XBRL specification is continually evolving. So what’s new this time? It’s a specification named ‘Table Linkbase’. This specification comes in handy in viewing or creating XBRL reports in a friendly fashion. XBRL has always been defined as machine-readable language, but the question which crops up often is how humans use the XBRL data. Are we humans supposed to read the XML tags and understand them? Certainly, not.
End users of business data are used to a format in which they see data and analyze it. Using XBRL ‘as is’ to mimic the original template/form poses a challenge. Conventionally software application reads the presentation and definition linkbase of the taxonomy and renders the XBRL document. This kind of view is not appreciated for multiple reasons.
To start with, XBRL flavor cannot be hidden in a traditional form of rendering. For example, a table may have the heading ‘Classification of Revenue Hypercube”. Now, this terminology called ‘Hypercube’ completely sounds absurd for someone who does not know XBRL. One more striking example can be the amount about the same reporting period that may appear in two columns bifurcated based on period type say instance and duration in a conventional rendering situation. This is again a big ‘no’ for consumers or creators of XBRL documents.
Attempts have been made to replicate a view that is comfortable to XBRL users. However, these custom developments are largely restricted to a specific taxonomy or architecture. Hence there was a need felt to come up with a standard way of defining templates to present XBRL data.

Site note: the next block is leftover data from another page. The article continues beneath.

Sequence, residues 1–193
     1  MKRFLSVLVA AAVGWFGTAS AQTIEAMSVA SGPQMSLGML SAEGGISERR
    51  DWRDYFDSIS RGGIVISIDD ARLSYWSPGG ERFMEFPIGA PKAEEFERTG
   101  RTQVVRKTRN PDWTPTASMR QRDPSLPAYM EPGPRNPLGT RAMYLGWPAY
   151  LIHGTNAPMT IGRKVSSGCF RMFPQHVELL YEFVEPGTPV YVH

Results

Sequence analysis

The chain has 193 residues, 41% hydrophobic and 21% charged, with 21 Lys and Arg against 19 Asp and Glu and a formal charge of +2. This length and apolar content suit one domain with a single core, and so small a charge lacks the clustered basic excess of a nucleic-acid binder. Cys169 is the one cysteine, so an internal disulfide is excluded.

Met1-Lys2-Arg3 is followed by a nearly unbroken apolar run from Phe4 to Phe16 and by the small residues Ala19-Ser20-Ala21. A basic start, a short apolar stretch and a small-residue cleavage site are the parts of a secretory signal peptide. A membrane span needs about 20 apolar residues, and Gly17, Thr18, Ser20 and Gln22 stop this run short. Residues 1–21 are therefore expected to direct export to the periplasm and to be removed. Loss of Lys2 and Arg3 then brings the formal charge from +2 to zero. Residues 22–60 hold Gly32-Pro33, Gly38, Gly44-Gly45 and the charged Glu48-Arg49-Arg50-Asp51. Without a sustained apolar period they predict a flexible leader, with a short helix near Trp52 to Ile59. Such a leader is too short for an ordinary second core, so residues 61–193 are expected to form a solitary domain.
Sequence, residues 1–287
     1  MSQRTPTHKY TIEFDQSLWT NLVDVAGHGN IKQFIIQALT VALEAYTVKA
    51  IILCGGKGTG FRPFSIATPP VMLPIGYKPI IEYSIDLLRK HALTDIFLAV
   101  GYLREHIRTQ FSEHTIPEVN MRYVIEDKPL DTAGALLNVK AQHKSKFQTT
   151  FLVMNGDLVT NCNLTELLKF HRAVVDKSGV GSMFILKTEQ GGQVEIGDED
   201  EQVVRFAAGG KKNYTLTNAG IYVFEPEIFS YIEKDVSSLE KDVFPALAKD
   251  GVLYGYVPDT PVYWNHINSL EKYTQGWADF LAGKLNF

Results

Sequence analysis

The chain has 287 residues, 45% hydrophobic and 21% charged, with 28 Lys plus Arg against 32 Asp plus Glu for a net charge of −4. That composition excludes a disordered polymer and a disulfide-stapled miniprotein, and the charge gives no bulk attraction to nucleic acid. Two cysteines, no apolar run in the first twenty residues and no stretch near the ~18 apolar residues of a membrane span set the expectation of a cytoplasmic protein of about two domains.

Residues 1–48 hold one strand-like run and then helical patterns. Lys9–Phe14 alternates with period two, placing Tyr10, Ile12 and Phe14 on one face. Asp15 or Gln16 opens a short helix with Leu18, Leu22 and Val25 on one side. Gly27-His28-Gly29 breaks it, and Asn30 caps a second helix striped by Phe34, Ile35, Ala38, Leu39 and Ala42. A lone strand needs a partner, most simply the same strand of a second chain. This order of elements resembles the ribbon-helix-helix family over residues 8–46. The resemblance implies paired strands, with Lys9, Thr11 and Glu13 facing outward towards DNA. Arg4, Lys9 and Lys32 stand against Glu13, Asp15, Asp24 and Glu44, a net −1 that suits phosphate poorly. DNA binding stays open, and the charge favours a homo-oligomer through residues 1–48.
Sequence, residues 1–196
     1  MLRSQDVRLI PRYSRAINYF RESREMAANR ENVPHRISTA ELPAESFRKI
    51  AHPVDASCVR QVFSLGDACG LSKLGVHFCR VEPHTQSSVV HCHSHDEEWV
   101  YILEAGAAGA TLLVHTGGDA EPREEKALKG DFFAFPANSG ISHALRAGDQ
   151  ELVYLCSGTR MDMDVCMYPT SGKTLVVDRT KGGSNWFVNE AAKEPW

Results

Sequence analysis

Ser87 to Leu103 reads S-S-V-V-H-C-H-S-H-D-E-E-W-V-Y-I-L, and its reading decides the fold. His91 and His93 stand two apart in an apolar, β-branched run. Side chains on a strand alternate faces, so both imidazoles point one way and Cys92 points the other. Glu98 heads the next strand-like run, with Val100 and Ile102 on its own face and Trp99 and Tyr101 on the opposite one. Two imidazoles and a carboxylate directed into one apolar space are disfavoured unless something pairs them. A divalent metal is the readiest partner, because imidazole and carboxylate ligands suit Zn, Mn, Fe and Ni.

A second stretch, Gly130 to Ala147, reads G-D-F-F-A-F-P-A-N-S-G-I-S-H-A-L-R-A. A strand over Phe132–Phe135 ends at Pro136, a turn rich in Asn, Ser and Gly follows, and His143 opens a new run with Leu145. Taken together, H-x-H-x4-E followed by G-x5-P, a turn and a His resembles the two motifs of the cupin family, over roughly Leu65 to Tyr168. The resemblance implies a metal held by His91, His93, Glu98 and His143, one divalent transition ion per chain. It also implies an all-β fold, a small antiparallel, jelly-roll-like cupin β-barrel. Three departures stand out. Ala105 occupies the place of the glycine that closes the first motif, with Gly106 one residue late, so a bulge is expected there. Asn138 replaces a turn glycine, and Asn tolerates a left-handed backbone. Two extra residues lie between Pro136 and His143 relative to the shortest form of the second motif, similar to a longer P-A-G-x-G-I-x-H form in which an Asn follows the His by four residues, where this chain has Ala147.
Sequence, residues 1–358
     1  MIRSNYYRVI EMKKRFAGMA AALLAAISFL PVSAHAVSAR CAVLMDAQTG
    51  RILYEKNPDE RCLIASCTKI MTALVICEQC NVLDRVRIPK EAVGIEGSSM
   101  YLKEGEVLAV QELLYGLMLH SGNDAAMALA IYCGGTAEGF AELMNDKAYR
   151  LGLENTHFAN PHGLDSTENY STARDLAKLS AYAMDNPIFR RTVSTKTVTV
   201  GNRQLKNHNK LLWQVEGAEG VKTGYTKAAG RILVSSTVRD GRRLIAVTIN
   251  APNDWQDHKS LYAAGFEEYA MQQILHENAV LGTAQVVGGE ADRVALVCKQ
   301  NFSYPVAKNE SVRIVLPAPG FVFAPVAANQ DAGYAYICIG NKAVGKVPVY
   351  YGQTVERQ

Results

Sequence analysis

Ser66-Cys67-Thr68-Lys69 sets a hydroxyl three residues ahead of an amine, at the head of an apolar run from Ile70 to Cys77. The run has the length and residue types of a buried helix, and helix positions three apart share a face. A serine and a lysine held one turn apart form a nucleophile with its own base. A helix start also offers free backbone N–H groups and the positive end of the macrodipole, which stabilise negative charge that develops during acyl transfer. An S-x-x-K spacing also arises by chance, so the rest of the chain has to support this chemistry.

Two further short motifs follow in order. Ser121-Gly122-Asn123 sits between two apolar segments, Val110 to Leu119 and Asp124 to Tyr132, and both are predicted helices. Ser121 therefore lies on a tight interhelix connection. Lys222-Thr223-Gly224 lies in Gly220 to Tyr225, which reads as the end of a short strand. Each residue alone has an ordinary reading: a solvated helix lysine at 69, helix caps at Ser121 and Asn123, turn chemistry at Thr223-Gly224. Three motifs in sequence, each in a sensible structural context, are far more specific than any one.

The answer to this need is the ‘Table linkage. Table linkbase allows drawing a template with all XBRL aspects mentioned under the hood. When a template is created in table linkbase, the author specifies all XBRL details like what is the concept, dimension, domain member, unit, period, and other XBRL aspects for all rows and columns in that template. Labels can be customized for the table/row or column which need not be taken from the taxonomy labels.
There are two use cases specified for table linkbase, one is the creation of instance documents and another is the rendering of the instance documents. When table linkbase is used for creating instance documents, the creator has to specify only the fact-value appropriate for that cell; other XBRL information is fetched from the linkbase to create an instance document. Ultimately, an instance document is rendered using table linkbase users can relate to the data in a friendlier manner as they are familiar with the format and layout of the report. In short, Table Linkbase takes XBRL one step closer to the end user.